Scotland - Sally's Journal
Having just spent a weekend in Scotland, I thought I'd talk about Scotland.
The Independant had the headline "Scotland 10 England 0
" the other day, which after I disengaged the part of my brain that filters out sport turned out to be a long list of things Scotland do "better". Or at least better for me, because I'm a lefty liberal type - free prescriptions, no tuition fees for universities, smaller classes, free personal care for the elderly etc.
So the thing I don't get is how they manage it. Because this stuff does have a cost. Either they must
a) have higher taxes
b) spend less money on some other stuff, either by
b1) actually having less other stuff
b2) letting England pay for other stuff that we use as a Union (maybe central civil service? army?)
c) take money from England to pay for it.
(Also, why does "an union" sound wrong?)
Other devolution issues are also in the news, to whit whether scottish MPs should vote on English issues that are devolved in Scotland (here
). No-one seems to be mentioning very loudly that Scottish MPs at Westminster don't have seats at Holyrood and don't get to vote on devolved Scottish issues either (as I understand it, please tell me if I am confused). As England doesn't have an equivalent of the scottish exec there seems no way to bring fair symmetry back to this without forming an english one or getting rid of the scottish one (so Scottish MPs were also the scottish exec and they weren't two seperate things). I mean, a quick bodge-job to fix the problem of the one the Tories suggest would at least highlight the problem, but it really isn't a solution. But I think the problem is a serious one, and it does need fixing.
Also, why does "an union" sound wrong?
No idea about the Scotland stuff, but this is because the 'u' of 'union' is not a "pure" vowel or even a diphthong made of "pure" vowels, but a combination of the consonant sound 'y' and the vowel sound 'oo'. I suspect grammatically "an union" is correct but it sits very uncomfortably when pronounced.
|Date:||October 29th, 2007 01:01 pm (UTC)|| |
"a union", "an hotel" -- it's very simple really :)
|Date:||October 29th, 2007 12:31 pm (UTC)|| |
There is in principle the possibility d) Scotland manages to do more for the same amount of tax by being less wasteful and inefficient, with the sub-possibility d') this is only possible because it's smaller so all the organisational tasks which scale as convex functions of population have inherently better value-per-person.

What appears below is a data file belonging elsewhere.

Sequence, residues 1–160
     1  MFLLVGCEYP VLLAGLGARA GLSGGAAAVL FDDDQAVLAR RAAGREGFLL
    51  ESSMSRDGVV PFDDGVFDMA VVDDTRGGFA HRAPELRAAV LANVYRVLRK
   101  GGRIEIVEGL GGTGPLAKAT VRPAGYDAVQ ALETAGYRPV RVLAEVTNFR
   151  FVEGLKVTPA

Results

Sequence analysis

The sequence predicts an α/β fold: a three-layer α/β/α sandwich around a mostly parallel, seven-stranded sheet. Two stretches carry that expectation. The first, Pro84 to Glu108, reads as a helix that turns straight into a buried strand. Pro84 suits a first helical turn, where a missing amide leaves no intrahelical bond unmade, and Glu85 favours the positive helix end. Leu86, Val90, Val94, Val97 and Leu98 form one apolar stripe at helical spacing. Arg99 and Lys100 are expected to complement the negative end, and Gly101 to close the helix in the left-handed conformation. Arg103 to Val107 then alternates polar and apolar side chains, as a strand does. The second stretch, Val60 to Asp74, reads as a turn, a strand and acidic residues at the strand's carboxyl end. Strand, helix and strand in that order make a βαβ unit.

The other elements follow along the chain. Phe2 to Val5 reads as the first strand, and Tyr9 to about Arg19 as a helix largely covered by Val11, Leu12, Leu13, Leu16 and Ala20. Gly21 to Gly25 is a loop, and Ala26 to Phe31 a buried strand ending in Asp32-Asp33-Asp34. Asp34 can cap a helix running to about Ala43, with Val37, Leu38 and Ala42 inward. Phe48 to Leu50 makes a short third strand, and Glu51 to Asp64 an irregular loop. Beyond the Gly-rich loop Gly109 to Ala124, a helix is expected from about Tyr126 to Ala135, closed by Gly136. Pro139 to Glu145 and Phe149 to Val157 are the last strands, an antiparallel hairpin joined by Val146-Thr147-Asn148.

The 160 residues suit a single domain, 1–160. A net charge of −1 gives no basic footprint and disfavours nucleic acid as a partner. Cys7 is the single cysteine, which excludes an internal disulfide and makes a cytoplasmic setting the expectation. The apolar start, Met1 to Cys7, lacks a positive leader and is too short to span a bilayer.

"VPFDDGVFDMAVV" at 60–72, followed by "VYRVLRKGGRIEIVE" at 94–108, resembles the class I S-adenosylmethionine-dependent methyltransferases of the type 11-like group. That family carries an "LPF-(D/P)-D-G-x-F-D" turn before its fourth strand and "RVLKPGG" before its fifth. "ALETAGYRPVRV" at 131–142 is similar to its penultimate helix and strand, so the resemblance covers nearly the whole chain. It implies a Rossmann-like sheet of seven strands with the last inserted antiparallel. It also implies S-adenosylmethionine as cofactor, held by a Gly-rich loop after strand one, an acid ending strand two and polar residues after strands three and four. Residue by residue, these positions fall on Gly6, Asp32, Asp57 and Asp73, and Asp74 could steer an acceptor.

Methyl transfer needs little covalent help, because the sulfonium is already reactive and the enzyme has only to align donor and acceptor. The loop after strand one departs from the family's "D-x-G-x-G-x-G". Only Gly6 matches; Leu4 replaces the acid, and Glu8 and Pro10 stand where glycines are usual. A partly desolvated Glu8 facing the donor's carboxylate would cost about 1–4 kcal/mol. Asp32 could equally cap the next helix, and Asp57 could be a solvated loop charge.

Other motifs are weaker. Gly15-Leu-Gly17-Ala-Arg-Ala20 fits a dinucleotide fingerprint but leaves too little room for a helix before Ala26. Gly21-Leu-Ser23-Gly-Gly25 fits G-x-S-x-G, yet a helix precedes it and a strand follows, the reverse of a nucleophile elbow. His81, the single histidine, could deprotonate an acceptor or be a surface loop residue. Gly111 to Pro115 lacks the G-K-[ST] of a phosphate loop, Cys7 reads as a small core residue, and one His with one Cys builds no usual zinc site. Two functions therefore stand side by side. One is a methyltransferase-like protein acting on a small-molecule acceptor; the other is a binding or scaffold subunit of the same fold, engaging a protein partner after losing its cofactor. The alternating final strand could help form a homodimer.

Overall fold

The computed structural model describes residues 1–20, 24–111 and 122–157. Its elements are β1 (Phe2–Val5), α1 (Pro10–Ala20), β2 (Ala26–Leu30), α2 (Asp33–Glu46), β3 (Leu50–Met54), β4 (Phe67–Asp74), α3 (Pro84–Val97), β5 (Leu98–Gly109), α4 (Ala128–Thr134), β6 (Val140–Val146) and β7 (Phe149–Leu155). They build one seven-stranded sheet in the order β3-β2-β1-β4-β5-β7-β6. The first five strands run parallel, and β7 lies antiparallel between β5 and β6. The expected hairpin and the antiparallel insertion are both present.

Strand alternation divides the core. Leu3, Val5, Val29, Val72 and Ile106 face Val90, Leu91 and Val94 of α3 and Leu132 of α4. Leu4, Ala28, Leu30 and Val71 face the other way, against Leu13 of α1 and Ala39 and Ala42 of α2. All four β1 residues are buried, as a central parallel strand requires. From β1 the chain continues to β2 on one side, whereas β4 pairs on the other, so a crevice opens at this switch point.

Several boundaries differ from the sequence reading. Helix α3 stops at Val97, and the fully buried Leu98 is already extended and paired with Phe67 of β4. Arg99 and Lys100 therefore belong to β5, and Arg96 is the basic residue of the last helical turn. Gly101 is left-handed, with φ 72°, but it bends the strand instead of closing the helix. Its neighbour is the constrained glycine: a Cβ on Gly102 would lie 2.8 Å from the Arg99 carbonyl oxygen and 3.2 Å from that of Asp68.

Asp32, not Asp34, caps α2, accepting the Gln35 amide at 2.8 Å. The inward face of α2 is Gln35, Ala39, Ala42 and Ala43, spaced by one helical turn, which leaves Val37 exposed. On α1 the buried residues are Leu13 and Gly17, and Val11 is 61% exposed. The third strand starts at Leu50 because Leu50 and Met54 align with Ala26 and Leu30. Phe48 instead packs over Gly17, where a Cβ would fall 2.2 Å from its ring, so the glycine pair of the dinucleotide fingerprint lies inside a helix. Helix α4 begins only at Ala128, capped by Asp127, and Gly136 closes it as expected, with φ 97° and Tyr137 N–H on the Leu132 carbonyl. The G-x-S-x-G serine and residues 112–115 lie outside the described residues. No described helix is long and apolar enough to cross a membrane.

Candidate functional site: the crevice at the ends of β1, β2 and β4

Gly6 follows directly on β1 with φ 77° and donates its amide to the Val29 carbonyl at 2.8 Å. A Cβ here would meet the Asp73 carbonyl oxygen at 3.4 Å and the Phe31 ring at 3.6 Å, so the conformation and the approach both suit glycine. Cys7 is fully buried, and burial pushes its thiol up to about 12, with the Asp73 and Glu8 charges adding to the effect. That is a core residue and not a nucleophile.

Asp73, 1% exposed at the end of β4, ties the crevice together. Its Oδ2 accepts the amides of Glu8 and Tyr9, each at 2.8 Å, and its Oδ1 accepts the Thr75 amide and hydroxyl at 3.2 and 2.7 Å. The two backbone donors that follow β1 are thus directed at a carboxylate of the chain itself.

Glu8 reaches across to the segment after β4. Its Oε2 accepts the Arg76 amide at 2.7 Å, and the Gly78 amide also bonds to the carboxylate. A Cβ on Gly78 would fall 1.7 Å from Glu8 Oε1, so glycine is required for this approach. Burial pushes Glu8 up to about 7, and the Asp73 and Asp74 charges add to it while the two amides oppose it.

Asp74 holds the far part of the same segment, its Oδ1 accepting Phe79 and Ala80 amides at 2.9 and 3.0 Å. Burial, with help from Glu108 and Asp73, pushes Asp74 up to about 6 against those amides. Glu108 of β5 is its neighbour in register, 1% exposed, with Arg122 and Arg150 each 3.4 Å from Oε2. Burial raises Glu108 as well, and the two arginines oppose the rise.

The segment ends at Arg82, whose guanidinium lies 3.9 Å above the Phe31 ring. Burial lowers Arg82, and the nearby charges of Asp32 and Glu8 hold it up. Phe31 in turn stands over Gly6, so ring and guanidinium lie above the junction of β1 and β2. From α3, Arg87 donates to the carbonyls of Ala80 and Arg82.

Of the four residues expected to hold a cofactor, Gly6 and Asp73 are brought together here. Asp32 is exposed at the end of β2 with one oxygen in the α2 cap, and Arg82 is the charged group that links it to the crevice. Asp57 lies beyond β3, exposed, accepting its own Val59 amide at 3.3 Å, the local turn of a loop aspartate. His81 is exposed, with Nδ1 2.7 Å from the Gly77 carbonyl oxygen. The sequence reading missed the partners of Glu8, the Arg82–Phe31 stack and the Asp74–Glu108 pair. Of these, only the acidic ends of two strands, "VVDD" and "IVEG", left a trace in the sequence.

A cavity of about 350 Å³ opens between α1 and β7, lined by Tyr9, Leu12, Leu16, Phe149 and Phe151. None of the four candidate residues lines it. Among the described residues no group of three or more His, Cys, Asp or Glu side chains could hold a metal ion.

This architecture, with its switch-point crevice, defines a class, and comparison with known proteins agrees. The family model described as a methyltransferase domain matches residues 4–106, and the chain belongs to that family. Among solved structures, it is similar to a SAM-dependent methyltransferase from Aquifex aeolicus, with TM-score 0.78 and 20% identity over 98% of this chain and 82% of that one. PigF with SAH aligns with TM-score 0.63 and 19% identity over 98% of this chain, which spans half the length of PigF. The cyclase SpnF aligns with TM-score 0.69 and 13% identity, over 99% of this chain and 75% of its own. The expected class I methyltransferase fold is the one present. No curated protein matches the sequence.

No idea whether it's remotely true or not, but it's worth adding to your list of possibilities to consider, which seems to assume that the same stuff costs the same amount no matter how you achieve it.
I agree with gayalondiel
: "union" has an implicit y-as-consonant at the front of it, and hence it's "a union" just as it would be "a youth" or other similarly pronounced words.
|Date:||October 29th, 2007 12:58 pm (UTC)|| |
I'm not sure I've understood that, so I thought I'd ask you because you're cleverer than me. Does it say that "in the old days it was very unfair and Scotland got a lot more than us, but now we are sorting that out very very slowly and so Scotland is still getting a fair amount more than us per head wihtout having higher taxes"?
I think that's c, and it's sad, because I wanted the answer to be "it's possible to do this better" not "it's only possible to do this better by taking money from somewhere else".
|Date:||October 29th, 2007 12:36 pm (UTC)|| |
Central government spending per head is apparently about £1,500 higher in Scotland than England; see ‘Barnett Formula’. I've no idea if this is what gives the Scottish government the extra room for maneuvre or if there's more to it than that.
|Date:||October 29th, 2007 12:40 pm (UTC)|| |
I don't understand what the problem is in the 2nd paragraph: what exactly is unfair and to who? If the complaint is simply that things are (and with an English Grand Committee, would continue to be) not organized in exactly the same way in Scotland and England, why is that unfair - surely the point of devolution is (or includes) that the different countries are free to organize their affairs in different ways?
|Date:||October 29th, 2007 12:47 pm (UTC)|| |
Sort of c):